Remember that your first aid kit should be tailored to your personal needs.  You should include backups up any prescription medicines that you take and be sure to pack extra contact lens solutions if you need to.

Also keep in mind that the point of a bug out bag is to keep you safe for 72 hours during a disaster, it can be easy to overpack and get carried away. You should just try to be thorough but not overexcessive, but of course this is at your own discrection of what you feel comfortable carrying.

Thanks for reading. and let me know if you have any questions in the comment section.



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    One thing most people don't think of or know is to include a few tubes of Superglue. If you don't have a suture kit or don't know how to suture, you can use Superglue! It will close most wounds as it bonds skin to skin INSTANTLY! This was a tip I picked up in the Army from a Combat Medic buddy.

    I would add mini tampons and maxipads. duel purpose item great for asboring large amounts of blood. You can insert them into penetrating wounds

    Remember, tampons and maxi pads are designed to absorb blood. I would recommend using a sterile gauze on the wound and then add the maxi pad to absorb any blood that would leak through.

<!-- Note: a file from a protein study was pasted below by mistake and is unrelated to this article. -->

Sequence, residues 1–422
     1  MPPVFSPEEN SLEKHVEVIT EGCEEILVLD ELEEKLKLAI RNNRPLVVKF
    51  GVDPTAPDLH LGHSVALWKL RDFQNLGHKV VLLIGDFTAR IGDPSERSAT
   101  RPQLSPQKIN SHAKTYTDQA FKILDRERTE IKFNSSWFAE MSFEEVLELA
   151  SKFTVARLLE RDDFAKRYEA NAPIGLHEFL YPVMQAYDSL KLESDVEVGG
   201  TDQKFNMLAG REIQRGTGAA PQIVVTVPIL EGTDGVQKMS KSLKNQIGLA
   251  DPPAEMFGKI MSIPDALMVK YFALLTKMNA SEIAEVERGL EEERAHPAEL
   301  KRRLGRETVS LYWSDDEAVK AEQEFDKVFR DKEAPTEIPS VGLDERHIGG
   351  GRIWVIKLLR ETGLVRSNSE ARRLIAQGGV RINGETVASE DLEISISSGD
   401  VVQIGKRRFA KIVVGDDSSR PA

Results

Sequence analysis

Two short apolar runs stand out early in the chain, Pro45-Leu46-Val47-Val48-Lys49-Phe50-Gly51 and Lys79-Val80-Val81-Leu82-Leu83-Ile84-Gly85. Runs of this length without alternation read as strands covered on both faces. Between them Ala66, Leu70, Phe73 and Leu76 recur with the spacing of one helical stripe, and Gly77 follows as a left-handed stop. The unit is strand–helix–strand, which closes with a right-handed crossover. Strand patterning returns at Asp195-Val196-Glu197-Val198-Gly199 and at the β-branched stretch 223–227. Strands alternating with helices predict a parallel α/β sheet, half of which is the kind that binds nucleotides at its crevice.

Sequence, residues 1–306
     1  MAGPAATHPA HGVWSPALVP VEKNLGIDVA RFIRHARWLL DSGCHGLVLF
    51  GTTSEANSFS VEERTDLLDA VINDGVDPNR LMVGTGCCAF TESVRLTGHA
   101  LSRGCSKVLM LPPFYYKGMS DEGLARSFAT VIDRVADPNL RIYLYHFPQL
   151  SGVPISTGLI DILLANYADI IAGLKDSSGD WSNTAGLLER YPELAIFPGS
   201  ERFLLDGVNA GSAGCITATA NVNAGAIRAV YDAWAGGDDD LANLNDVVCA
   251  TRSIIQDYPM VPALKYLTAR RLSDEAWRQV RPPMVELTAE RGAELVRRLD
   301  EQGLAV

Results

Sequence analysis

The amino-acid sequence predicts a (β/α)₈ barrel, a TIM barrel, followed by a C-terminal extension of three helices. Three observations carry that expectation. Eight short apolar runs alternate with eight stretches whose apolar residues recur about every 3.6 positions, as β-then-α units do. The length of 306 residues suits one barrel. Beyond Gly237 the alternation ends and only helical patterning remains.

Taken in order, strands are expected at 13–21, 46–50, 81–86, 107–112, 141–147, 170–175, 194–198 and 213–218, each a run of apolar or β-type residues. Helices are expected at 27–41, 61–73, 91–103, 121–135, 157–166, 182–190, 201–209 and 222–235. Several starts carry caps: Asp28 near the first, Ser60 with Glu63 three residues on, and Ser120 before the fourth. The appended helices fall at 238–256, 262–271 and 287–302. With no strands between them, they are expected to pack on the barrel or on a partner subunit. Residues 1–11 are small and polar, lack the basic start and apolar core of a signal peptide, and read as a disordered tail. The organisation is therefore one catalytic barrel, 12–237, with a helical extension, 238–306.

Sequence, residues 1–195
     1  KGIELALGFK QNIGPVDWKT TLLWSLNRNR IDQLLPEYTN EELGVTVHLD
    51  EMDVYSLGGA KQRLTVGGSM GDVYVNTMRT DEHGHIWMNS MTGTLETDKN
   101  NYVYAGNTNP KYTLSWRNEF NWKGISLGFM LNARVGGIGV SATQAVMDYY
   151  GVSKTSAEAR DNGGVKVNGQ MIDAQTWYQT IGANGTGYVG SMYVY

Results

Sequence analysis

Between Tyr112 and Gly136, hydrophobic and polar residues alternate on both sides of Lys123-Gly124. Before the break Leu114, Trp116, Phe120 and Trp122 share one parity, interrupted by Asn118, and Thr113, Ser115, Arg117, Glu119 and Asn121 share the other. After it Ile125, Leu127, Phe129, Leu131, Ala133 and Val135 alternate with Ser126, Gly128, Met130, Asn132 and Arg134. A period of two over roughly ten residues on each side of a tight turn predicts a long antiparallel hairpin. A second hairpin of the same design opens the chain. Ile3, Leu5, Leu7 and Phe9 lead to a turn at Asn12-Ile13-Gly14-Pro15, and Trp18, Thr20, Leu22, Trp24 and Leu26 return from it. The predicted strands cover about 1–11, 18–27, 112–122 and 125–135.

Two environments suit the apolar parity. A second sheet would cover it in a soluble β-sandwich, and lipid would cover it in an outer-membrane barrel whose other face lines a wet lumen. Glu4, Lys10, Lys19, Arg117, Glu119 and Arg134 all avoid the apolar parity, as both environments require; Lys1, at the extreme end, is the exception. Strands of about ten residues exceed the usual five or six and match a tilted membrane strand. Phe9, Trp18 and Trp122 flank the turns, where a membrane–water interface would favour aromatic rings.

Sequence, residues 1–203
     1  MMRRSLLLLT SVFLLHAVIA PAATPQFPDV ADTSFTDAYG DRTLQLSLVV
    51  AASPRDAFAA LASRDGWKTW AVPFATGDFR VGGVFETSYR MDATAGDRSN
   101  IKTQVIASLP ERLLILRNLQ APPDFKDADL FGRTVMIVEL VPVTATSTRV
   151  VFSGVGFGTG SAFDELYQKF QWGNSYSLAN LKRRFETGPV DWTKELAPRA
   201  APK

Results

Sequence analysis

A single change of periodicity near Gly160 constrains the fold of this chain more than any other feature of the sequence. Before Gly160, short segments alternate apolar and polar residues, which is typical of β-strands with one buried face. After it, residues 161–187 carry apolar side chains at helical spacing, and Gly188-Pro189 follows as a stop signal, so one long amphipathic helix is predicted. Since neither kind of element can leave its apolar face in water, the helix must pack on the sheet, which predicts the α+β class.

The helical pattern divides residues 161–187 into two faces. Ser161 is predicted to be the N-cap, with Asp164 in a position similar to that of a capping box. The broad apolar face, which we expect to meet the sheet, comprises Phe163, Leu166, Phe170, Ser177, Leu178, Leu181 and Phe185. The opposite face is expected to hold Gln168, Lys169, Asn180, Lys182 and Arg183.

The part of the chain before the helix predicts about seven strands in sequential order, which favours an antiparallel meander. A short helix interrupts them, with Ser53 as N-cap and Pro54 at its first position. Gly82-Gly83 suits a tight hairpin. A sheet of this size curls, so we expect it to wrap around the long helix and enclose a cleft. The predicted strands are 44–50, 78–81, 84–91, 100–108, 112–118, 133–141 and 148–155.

I am training to be an EMS and I agree with question agreement about having a syringe for irrigating wounds, if u include mild painkiller shots u would be even more prepared remember to know the proper dosage!

    Just to clarify, if you're trained in cpr, the victim shouldn't vomit, seeing as that only happens when you give them too much air and the excess air goes to their stomach, so if the victim vomits, dont breath so hard next time

    Not true. The victims will not always vomit but usually they do. I was a first aid/CPR instructor and I never saw anything that supports your claim.

    Not necessarily. If the victim was drunk/nauseous before requiring CPR, the first aider's live can be made very unpleasant due to vomiting

    A friend who's a retired army medic (saw service in the first Gulf War) also includes sanitary napkins and tampons with her wound-kit. The sanitary pads are made to absorb LOTS of blood, and tampons can "plug" a bullet wound temporarily, and both are available pre-wrapped in sterile packaging... Also, if you're female or there are females in your group, it never hurts to have a good supply of feminine-hygiene products on hand... :-)

    Also a pack of smokes, when I was in they trained us that the celephane wrapper on a pack of smokes, placed over a sucking chest wound, then secured with a pressure bandage would seal the wound.

    Then you could trade the smokes for more zombie bustin' .226 rounds. Or take up smoking after 20 years, seeing as the end is near.

    Looks like a well packed bag!

    I'd also add first aid training. You need to be able to use those things properly, and be so well versed in techniques you can do them whilst panicking / in pain / shocked etc.